“An anti-Semitic double murder” moves back and forth between different strands of content: Jensen meticulously and source-critically reconstructs the murder in Erlangen, its anti-Semitic motives, the network that made it possible and the court proceedings against WSG members on various charges.

In addition, Jensen provides an almost encyclopedia-like description of the right-wing extremist scene in the Federal Republic and how the authorities dealt with it up to 1980. Unfortunately, the sometimes extensive contextualizations are not always conducive to the flow of reading.

anti-Semitic character

Jensen also addresses how right-wing terrorism is dealt with by politicians, the judiciary, security authorities and local media. With regard to the murder of Lewin and Poeschke, he works out how little they succeeded in getting a look at its anti-Semitic character.

Initially, investigations focused primarily on the personal environment of the victims, Lewin was portrayed as a dubious character, and rumors were even spread that he worked as an agent for the Israeli foreign intelligence service Mossad. Again and again, narratives that had been put into the world reinforced each other.

After its ban in early 1980, the WSG found shelter in a military training camp run by the Palestine Liberation Organization (PLO). Jensen describes the interesting but also tense relationship between the German right-wing extremists and the radical Palestinians in a very differentiated way.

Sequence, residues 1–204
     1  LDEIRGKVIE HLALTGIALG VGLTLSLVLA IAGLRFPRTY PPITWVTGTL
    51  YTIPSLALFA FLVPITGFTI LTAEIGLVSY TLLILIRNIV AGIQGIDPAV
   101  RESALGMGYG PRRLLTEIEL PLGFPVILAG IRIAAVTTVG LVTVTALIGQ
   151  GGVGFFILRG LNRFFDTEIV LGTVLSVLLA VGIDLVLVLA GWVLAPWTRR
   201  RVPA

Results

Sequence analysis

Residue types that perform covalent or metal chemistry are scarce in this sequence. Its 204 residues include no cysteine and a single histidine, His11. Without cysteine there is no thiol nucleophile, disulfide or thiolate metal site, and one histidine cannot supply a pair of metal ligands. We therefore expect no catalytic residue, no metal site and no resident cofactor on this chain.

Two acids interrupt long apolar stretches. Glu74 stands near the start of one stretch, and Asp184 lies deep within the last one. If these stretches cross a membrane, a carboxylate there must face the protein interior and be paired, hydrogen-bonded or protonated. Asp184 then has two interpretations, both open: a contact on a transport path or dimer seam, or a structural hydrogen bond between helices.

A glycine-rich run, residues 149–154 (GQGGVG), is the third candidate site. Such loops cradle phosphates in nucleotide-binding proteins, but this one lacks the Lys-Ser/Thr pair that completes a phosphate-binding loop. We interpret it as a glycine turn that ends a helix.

Military sports group in Lebanon

In Lebanon, the WSG members ultimately tore themselves to pieces: they are treading water, and in addition to a strong group-internal hierarchy and merciless drill, there was a brutal desire to torture scapegoats and renegades from their own ranks.

Hoffmann himself lived a privileged life in palatial accommodation in Beirut and commuted to Ermreuth Castle again and again. Arrested at Frankfurt Airport in June 1981, Hoffmann was finally sentenced to several years in prison in 1986, after a long and late trial, for various offences.

In the Erlangen double murder, however, the judiciary had identified WSG member Uwe Behrendt as the perpetrator. Hoffmann himself accused him of being a lone perpetrator acting independently of him, but he had already committed suicide in Lebanon in September 1981.

Absurdly, anti-Semitism as a motive played no part in the final court verdict; nor the WSG as a network with Hoffmann as its undisputed leader, who demonstrably, together with Behrendt, made a model of the murder weapon operational shortly before the crime, built a silencer and even tested it in his own basement.

Not accomplices, just accomplices?

Hoffmann admitted in court that he “covered up after the fact” for Behrendt, but “did not instigate” him. Hoffmann himself is therefore not an accomplice, but merely a subsequent accomplice in an act carried out autonomously by Behrendt.

Jensen partly justified his doubts about this previously valid version of the Erlangen double murder with findings that were not known to the court at the time. The deconstruction of the fatal narrowing of the crime to the type of apolitical individual perpetrator in the judiciary, politics and the media is a further strand in his important study; a narrowing that, as Jensen emphasizes, is reminiscent of how later right-wing terrorist acts were dealt with.